Blog Post by the Rev. Dr. Craig Howard
Presbytery of Giddings-Lovejoy Transitional Leader
On Sunday, I had the opportunity to preach at First Kampsville. I’m sure we’ve never held presbytery gathering on this Illinois peninsula. Kampsville is a town of 302. The drive to our furthest north congregation meant taking a ferry across the Mississippi river and another ferry across the Illinois river, then driving on winding roads through beautiful bluffs and woods. The drive alone was inspiring.
The amazing thing about First Kampsville is the attendance. They have a membership of 12, but over 20 in attendance! This is because of the “12 faithful visitors” who attend along with the members. These visitors belong to other congregations, but enjoy worshiping at Kampsville as well. The church is only open one day per week, and for one hour of worship and any meetings thereafter. They use an Honorably Retired pastor to preach and serve communion on the first Sunday of the month, and then use a lay pastor the remainder of the month for preaching and pastoral care.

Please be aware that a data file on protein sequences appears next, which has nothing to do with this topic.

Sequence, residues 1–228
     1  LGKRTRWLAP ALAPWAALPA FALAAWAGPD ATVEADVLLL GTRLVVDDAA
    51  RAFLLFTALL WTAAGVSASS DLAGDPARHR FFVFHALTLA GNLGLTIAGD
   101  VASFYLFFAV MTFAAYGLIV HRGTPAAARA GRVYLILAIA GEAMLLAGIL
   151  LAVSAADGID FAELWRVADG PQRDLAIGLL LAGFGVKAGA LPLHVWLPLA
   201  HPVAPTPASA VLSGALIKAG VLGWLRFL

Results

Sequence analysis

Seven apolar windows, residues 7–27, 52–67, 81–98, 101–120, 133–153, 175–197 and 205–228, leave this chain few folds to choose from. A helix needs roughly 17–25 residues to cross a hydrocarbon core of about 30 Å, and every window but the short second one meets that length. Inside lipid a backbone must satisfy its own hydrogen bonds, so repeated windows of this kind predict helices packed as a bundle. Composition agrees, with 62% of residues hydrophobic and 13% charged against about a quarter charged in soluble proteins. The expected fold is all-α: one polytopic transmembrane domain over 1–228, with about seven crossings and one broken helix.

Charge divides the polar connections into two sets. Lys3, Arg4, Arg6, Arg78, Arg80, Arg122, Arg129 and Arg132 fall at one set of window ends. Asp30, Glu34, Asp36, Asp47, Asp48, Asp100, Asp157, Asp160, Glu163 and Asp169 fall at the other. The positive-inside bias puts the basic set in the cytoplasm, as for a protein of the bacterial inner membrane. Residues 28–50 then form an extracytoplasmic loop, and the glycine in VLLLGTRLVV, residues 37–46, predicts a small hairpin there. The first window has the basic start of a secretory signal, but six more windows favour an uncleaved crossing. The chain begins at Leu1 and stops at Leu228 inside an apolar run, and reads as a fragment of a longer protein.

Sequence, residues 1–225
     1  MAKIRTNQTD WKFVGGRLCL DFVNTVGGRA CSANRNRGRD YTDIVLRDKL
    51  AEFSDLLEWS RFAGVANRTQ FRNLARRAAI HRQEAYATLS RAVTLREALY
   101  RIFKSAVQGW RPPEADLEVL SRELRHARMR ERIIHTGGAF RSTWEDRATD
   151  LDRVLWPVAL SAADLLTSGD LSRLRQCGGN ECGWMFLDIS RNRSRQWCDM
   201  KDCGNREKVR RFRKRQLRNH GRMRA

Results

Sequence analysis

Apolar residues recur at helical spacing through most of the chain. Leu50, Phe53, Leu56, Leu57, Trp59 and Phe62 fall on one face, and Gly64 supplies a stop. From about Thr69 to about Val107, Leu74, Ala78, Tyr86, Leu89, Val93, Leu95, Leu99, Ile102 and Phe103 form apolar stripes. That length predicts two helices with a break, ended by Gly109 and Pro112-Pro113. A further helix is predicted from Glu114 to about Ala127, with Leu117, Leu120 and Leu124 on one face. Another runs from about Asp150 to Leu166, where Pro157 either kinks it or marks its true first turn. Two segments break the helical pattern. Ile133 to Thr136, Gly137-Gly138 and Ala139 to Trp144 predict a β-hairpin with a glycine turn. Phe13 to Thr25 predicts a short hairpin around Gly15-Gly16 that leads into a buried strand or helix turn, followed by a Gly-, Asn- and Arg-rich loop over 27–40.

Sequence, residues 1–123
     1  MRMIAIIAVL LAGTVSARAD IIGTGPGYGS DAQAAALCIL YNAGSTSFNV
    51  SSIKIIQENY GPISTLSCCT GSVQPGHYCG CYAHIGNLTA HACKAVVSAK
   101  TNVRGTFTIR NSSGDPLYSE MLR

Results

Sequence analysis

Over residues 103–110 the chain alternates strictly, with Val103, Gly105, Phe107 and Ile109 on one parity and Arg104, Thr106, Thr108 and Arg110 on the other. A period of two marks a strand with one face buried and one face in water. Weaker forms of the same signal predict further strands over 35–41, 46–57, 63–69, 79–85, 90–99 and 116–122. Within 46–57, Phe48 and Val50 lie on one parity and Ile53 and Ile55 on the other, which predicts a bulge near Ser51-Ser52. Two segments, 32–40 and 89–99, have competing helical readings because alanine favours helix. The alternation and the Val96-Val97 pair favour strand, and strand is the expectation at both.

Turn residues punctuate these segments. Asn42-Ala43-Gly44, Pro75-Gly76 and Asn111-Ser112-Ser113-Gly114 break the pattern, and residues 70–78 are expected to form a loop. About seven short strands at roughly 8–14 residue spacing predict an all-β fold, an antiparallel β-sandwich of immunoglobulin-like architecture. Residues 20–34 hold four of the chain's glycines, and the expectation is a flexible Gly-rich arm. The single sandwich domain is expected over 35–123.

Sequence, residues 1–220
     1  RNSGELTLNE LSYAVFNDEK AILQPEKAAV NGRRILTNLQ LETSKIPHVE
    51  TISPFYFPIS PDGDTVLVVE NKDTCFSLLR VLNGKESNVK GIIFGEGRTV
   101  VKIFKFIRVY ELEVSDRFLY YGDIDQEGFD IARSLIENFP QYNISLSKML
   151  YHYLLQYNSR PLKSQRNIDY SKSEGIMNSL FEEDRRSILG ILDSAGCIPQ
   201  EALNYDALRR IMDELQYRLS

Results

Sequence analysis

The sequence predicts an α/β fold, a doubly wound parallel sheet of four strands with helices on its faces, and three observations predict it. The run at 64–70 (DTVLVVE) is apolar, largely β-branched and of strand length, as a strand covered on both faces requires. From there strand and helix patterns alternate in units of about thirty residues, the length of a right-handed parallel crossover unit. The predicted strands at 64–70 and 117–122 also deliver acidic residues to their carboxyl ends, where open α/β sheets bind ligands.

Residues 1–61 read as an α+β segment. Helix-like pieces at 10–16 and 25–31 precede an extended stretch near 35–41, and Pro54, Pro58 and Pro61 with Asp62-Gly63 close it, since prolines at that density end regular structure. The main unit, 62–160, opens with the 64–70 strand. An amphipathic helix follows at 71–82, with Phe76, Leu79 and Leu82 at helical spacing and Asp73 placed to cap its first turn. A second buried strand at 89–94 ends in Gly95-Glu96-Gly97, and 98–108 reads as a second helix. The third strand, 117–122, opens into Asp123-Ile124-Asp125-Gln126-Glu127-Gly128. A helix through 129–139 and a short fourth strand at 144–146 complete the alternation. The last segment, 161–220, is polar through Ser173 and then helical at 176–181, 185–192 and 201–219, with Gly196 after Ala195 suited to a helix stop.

Kampsville is a rural congregation that survives because it uses minimal effort. It only does worship, but it does worship well. Each member knows how to step up and lead. Financially, the church can afford to pay its bills, but their saving reduces a little each year. They are an ageing congregation, yet have a healthy view of their limited future.
Kampsville raises many questions including the life cycle of a congregation, survival of rural communities, efficient use of buildings and space, the role of pastoral leadership, and the value of membership. As we become a denomination of small congregations (100 or less in worship) we will continue to wrestle with these questions. Kampsville’s questions are the presbytery’s questions.
Rev. Craig M. Howard